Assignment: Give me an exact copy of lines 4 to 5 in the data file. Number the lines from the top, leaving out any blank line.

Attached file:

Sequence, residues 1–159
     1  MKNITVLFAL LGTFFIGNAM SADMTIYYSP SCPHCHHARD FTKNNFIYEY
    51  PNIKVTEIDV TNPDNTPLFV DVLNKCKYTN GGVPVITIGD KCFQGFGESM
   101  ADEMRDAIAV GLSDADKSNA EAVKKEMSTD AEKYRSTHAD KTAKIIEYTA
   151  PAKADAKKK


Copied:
   101  ADEMRDAIAV GLSDADKSNA EAVKKEMSTD AEKYRSTHAD KTAKIIEYTA
   151  PAKADAKKK